Inheritance Tax, also referred to as the death duty, is the set of taxes which…
The Expensive NJ Inheritance and Estate Tax
Inheritance and Estate Tax
New Jersey imposes a transfer Inheritance Tax, at graduated rates, on property having a total value of $500 or more which passes from a decedent to a beneficiary.
If a decedent’s death occurs on or after January 1, 1985, property passing to a surviving spouse is entirely exempt from the tax. If a decedent’s death occurs on or after July 1, 1988, property passing to a decedent’s surviving parents, grandparents, children, stepchildren or grandchildren is entirely exempt from the tax. If a decedent’s death occurs on or after July 10, 2004, property passing to a surviving domestic partner (Domestic Partnership Act) is entirely exempt from tax. If a decedent’s death occurs on or after February 19, 2007, property passing to a surviving civil union partner is entirely exempt from tax.
In many instances, if all of a decedent’s property passes to a surviving spouse, domestic partner, civil union partner, children, stepchildren, parents, grandparents or grandchildren, it will not be necessary to file an Inheritance Tax return with the Division of Taxation. In such cases, Form L-8 may be used to secure the release of bank accounts, stocks, bonds and brokerage accounts and Form L-9 may be used to secure the release of the State’s lien on real property owned by the decedent.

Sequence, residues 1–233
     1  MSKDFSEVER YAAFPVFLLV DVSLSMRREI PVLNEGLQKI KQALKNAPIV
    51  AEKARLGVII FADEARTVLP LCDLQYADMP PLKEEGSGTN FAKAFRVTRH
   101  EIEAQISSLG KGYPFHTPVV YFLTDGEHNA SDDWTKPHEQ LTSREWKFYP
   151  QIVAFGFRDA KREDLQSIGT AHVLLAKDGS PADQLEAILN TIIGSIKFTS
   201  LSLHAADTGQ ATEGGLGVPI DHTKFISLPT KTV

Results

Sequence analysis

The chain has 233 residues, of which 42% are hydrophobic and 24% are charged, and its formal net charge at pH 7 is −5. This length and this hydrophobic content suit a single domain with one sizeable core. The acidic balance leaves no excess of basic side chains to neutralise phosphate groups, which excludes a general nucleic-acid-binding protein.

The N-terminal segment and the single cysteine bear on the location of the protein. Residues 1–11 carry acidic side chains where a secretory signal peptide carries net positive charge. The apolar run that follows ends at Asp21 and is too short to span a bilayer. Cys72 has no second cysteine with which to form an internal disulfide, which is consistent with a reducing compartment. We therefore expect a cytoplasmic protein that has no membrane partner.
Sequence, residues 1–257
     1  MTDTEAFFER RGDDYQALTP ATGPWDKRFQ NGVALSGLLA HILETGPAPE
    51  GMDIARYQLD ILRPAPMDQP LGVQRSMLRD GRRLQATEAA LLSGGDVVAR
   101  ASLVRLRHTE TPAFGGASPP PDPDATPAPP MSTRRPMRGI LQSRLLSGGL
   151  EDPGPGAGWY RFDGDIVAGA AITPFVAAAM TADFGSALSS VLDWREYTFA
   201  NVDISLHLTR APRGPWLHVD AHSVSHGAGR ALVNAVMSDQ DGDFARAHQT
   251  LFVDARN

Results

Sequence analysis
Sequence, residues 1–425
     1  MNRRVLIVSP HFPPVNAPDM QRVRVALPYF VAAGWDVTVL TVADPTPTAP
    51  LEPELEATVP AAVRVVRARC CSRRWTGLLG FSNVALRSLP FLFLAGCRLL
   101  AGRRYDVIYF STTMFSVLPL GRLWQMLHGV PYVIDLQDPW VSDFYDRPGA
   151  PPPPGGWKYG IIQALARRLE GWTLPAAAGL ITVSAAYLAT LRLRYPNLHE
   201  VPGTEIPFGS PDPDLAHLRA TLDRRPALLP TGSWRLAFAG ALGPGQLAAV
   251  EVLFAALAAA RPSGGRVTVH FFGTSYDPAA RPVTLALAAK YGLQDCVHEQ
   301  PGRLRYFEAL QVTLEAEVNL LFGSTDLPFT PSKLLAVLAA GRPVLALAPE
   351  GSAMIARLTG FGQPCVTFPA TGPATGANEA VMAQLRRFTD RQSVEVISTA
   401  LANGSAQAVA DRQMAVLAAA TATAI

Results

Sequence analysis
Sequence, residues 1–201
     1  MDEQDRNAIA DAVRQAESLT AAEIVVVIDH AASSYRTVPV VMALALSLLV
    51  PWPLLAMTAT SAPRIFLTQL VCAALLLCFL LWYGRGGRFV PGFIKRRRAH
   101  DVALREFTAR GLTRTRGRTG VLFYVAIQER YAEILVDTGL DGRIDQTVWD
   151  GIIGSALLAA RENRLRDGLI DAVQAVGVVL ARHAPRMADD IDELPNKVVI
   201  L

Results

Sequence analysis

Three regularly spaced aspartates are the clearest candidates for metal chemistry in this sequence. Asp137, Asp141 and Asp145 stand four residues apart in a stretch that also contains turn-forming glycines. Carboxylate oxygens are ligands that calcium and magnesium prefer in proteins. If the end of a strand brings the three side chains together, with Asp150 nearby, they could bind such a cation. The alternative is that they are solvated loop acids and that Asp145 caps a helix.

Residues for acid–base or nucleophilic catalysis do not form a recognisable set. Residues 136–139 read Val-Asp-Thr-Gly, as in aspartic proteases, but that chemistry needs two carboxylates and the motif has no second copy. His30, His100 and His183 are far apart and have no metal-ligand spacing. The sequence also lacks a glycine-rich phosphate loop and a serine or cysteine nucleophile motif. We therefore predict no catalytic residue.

When filing an Inheritance Tax return, Form IT-R should be used for resident decedents, and Form IT-NR should be used for nonresident decedents.
In addition to the inheritance tax, New Jersey imposes a separate Estate Tax. An estate may be subject to the New Jersey Estate Tax even though there is no New Jersey Inheritance Tax payable..
For decedents with a date of death prior to January 1, 2002 the New Jersey Estate Tax was designed to absorb the maximum credit for state inheritance, estate, succession or legacy taxes allowable in the Federal estate tax proceeding. It did not increase the estate’s total estate tax obligation.
For decedents with a date of death on or after January 1, 2002 the New Jersey Estate Tax was decoupled from the Federal estate tax proceeding. For more information see New Jersey Estate Tax: Important Provisions and Filing Requirements.
The New Jersey Estate tax is based upon the Federal Estate tax credit for state death taxes which was allowable under the provisions of the Internal Revenue Code in effect on December 31, 2001. The Federal Estate tax does not have a provision providing a deduction for property passing to a domestic partner. However, if the decedent was a partner in a civil union and died on or after February 19, 2007, survived by his/her partner, a marital deduction equal to that permitted a surviving spouse under the provisions of the Internal Code in effect on December 31, 2001, is permitted for New Jersey estate tax purposes. In these cases, the 2006 Form 706 should be completed as though the Internal Revenue Code treated a surviving civil union partner and a surviving spouse in the same manner.
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